Please note that these were calls to the soliciting company agent rather than to the claims department. While not addressed, it must have been developed that this was a Farmer’s agent for all purposes and the Court specifically noted that this agent did not refer the policyholders to the claims hotline nor indicate how to file the otherwise formal claims documents. The decision might come out far different if the matter were referred to the claims department and other instructions were promptly provided.
The Court did note the position of the parties regarding the proof of loss issue:
Plaintiffs’ theory was that, for purposes of the statute, they had filed "proof of loss" by their April 14, 2003, and May 19, 2003, telephone calls to Pascone, and that Farmers had failed to tender its settlement offer within six months of those calls. Farmers denied that the telephone calls qualified as proof of loss and argued that, at best, plaintiffs had triggered the six-month period provided in ORS 742.061 when they filed their complaint on June 11, 2003. The trial court ultimately concluded that the Parks’s telephone calls to Pascone and, particularly, Mr. Parks’s May 19, 2003, call, constituted a sufficient proof of loss…In explaining its decision, the court explicitly rejected Farmers’ contention that, because those telephone calls pertained to methamphetamine contamination, they could not serve as "proof of loss" with respect to the losses that were at the heart of plaintiffs’ action (and which Farmers characterized as vandalism losses)…
Farmers appealed, arguing that plaintiffs’ telephone calls to Pascone were not "proof of loss" within the meaning of ORS 742.061 for two reasons: (1) a "proof of loss" must be in writing; and (2) a "proof of loss" must allow an insurer to ascertain its liabilities, and plaintiffs’ conversations with Pascone about methamphetamine contamination did not provide Farmers with any information that would have allowed it to ascertain its liabilities with respect to the only potentially covered loss that plaintiffs could claim — a claim for vandalism.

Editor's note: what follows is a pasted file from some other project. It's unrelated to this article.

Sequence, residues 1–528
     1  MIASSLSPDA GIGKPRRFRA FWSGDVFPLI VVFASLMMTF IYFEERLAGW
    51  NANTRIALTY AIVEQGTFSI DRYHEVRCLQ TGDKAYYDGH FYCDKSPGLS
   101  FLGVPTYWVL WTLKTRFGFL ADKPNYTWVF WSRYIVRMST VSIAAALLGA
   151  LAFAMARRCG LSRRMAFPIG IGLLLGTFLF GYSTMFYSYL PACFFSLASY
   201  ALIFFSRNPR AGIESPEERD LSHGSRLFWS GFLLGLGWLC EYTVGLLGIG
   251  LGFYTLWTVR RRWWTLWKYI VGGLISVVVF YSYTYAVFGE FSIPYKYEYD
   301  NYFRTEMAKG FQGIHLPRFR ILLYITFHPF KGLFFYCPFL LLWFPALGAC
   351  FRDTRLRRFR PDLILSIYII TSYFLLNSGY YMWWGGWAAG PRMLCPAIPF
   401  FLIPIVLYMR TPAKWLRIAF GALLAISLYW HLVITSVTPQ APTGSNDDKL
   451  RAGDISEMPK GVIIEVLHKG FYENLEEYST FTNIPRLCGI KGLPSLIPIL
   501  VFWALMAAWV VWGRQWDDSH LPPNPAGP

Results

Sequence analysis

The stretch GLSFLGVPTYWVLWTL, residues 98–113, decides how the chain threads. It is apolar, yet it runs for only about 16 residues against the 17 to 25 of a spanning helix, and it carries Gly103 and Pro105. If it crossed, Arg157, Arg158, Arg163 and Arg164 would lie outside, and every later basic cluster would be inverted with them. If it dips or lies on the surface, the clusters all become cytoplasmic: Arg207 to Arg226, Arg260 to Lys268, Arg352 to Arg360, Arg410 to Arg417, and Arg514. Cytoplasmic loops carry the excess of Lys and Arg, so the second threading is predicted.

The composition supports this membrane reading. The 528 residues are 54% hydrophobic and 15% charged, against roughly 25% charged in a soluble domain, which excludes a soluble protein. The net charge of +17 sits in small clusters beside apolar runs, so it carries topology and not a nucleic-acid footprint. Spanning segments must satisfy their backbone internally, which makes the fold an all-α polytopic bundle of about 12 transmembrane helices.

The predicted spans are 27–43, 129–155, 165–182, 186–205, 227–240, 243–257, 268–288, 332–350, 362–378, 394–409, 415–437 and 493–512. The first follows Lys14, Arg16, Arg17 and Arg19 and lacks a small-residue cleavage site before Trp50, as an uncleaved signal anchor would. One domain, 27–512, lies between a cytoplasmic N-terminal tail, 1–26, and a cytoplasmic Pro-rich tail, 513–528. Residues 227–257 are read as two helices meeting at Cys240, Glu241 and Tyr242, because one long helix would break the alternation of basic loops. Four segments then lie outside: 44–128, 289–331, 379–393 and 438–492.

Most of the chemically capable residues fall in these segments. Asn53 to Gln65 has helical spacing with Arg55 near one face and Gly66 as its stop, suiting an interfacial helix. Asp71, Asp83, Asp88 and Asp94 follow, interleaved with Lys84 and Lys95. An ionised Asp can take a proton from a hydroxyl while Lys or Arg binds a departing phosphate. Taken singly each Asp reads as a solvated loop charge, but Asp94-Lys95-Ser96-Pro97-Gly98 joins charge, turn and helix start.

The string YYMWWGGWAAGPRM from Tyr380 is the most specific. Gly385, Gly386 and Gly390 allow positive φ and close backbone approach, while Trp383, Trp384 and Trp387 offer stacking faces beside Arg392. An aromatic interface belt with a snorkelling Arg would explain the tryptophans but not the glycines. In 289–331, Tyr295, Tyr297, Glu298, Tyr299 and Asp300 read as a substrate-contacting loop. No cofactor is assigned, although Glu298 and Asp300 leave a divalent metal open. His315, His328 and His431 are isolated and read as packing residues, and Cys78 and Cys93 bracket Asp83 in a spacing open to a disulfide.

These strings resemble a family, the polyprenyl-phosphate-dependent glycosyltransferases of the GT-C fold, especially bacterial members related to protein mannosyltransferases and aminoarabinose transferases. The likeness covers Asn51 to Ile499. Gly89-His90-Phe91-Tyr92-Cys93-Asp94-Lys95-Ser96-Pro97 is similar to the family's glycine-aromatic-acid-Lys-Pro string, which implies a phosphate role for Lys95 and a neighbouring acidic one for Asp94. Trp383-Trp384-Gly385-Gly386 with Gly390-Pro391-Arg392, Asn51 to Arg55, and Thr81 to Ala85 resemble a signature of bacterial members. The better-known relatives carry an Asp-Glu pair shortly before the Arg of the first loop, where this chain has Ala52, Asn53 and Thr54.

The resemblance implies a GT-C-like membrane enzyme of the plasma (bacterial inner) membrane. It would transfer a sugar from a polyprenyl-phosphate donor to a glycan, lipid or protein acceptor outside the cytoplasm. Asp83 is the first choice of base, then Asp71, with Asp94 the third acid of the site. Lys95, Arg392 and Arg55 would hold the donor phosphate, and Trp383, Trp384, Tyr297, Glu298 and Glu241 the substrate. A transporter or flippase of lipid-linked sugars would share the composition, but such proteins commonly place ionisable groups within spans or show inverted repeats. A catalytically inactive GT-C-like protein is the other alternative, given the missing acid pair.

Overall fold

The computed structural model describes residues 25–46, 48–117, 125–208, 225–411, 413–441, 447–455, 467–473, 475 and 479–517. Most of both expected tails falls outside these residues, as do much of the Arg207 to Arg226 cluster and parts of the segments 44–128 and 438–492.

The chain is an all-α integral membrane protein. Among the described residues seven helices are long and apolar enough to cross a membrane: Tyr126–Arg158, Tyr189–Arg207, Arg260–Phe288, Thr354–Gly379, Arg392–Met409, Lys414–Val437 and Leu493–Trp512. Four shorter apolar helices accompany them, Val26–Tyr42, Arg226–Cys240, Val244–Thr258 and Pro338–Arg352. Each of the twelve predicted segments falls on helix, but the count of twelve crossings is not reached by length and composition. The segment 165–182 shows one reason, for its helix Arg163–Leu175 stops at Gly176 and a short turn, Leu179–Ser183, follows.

As part of its analysis, the Oregon Supreme Court clearly disagreed with the Farmers’ position citing other Oregon case authority which is similar to Louisiana caselaw:
This is not the first time that this court has considered what ORS 742.061 requires by way of a "proof of loss." In Dockins v. State Farm Ins. Co., 329 Ore. 20, 985 P2d 796 (1999), this court examined the statute and concluded that, when the legislature used that term, it intended something more than the particular form or submission an insurance policy might specify… Based on prior cases dealing with the term, this court held that, in the context of ORS 742.061, "proof of loss" has a functional meaning — that is, it pertains to any "event or submission" that accomplishes the purpose of a proof of loss. That purpose, the court concluded, is "to afford the insurer an adequate opportunity for investigation, to prevent fraud and imposition upon it, and to enable it to form an intelligent estimate of its rights and liabilities before it is obliged to pay.’… We further concluded (again, based on prior case law), that insurers operate under a duty of inquiry and that, "even if a submission is insufficient to allow the insurer to estimate its obligations, it will be deemed sufficient if the insurer could accomplish that purpose through reasonable investigation." Synthesizing those ideas into a single definition, this court announced that "[a]ny event or submission that would permit an insurer to estimate its obligations (taking into account the insurer’s obligation to investigate and clarify uncertain claims) qualifies as ‘proof of loss’ for purposes of [ORS 742.061]…"
The lesson is that some Courts and policyholders will try to avoid forfeiture of insurance policy benefits based on post loss proof of loss obligations when an insurer has been supplied sufficient information to make an investigation about a claim. That makes sense to most policyholders. From an insurer’s perspective, I would try to make certain that your company agents refer claims to the claims department or you may find that phone calls will be deemed sufficient proof of loss in some states.